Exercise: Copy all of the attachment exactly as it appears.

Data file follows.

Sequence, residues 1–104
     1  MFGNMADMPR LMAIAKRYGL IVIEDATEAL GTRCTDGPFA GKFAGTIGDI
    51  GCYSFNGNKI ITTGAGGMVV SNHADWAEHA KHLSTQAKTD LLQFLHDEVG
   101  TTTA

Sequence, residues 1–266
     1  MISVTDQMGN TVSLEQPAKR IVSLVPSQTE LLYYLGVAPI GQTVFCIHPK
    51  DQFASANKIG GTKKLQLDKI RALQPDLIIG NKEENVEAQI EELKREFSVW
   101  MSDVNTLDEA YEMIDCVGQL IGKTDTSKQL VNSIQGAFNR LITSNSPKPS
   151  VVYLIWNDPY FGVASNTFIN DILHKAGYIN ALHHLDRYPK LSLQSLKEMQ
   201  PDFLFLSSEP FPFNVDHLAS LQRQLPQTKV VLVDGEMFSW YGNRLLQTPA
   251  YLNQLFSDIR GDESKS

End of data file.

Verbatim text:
Sequence, residues 1–104
     1  MFGNMADMPR LMAIAKRYGL IVIEDATEAL GTRCTDGPFA GKFAGTIGDI
    51  GCYSFNGNKI ITTGAGGMVV SNHADWAEHA KHLSTQAKTD LLQFLHDEVG
   101  TTTA

Sequence, residues 1–266
     1  MISVTDQMGN TVSLEQPAKR IVSLVPSQTE LLYYLGVAPI GQTVFCIHPK
    51  DQFASANKIG GTKKLQLDKI RALQPDLIIG NKEENVEAQI EELKREFSVW
   101  MSDVNTLDEA YEMIDCVGQL IGKTDTSKQL VNSIQGAFNR LITSNSPKPS
   151  VVYLIWNDPY FGVASNTFIN DILHKAGYIN ALHHLDRYPK LSLQSLKEMQ
   201  PDFLFLSSEP FPFNVDHLAS LQRQLPQTKV VLVDGEMFSW YGNRLLQTPA
   251  YLNQLFSDIR GDESKS